Current TV Builds Morning Lineup Around Bill Press, Stephanie Miller

Current TV adds the the two progressive talk-radio hosts to its lineup, filling out six more hours of its schedule

Current TV will bank on progressive talk radio hosts Bill Press and Stephanie Miller to lure viewers in the morning. The network will live simulcast the radio programs of those two talkers for three hours each Monday through Friday, it announced on Monday.

Press’ show will air from 6 a.m. to 9 a.m. E.T. while Miller’s will run from 9 a.m. to noon E.T.

“I’ve followed Stephanie and Bill for years. They provide the kind of smart, insightful news analysis that our viewers want to hear,” Current TV Chairman Al Gore said in a statement.  “Bill brings a vital perspective directly from the heart of the Beltway, and Stephanie’s fresh take on politics and news has a decidedly outsider flair.  We’re really looking forward to bringing their voices to our viewers.”

Press, a one-time chairman of the California Democratic Party, has had his show since 2005. Miller is a long-time radio and TV show host, and MSNBC simulcast her show briefly in 2007.

The addition of these shows goes a long way towards filling out Current’s new lineup in time for the 2012 election. The network began with Keith Olbermann’s “Countdown” at 8 p.m. and then surrounded him in primetime with “Young Turks” host Cenk Uygur and former Michigan Gov. Jennifer Granholm.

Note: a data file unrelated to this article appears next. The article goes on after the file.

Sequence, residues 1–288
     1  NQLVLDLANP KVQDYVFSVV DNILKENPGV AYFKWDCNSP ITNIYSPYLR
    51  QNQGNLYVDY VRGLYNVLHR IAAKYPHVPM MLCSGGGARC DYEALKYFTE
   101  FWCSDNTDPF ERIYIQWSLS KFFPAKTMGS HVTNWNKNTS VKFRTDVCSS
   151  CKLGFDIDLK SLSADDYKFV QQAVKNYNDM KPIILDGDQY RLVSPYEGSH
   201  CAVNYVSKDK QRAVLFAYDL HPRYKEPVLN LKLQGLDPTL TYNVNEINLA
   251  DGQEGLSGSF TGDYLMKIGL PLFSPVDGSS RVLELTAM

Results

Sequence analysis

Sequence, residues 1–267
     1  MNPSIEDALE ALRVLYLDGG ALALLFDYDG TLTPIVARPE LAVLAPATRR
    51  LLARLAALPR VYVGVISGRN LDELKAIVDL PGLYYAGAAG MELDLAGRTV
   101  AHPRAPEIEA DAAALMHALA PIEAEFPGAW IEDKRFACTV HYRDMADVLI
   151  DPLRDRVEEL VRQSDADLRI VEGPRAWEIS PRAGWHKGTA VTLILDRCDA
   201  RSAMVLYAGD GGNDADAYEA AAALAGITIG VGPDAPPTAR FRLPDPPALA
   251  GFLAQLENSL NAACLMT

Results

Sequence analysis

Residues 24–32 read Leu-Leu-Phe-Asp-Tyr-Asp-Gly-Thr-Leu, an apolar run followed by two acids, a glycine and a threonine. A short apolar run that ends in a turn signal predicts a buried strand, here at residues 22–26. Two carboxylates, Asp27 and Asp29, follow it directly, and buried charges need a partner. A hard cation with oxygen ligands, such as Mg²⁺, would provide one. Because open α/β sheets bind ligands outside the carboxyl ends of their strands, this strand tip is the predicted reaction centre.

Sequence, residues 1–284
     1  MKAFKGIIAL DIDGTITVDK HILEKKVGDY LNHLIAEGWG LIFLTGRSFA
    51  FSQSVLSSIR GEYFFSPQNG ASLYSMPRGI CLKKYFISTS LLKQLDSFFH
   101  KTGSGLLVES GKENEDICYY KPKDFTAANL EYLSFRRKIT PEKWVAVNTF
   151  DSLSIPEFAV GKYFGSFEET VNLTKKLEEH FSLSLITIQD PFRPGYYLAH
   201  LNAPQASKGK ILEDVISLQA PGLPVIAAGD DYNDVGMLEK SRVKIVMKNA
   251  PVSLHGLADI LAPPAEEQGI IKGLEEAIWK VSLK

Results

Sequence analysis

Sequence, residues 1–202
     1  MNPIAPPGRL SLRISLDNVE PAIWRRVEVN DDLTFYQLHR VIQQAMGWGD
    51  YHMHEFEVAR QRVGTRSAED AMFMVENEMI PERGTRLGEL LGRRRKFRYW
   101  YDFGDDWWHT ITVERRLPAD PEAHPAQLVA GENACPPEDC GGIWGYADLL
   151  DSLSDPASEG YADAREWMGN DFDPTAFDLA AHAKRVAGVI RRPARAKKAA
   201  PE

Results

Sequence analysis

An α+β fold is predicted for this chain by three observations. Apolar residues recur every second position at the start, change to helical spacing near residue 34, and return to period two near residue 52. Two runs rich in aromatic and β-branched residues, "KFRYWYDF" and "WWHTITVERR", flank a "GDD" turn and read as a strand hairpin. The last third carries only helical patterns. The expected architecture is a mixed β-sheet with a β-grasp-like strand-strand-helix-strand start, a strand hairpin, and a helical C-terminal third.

CEO Joel Hyatt and President David Bohrman had said the morning would be the next step, and he took a shot at the other cable news morning shows in announcing his new hosts. 

"2012 is a crucial year in the history of our country and we felt that morning cable television programming was simply not speaking to Americans with progressive viewpoints and ideas,” he said in a statement. “This new block will be an alternative to the tired banter and light news that is found on the air today. We are proud to be the only cable news network presenting independent, intelligent and engaging progressive programming for viewers every morning.”

Now the question is: Will people will watch?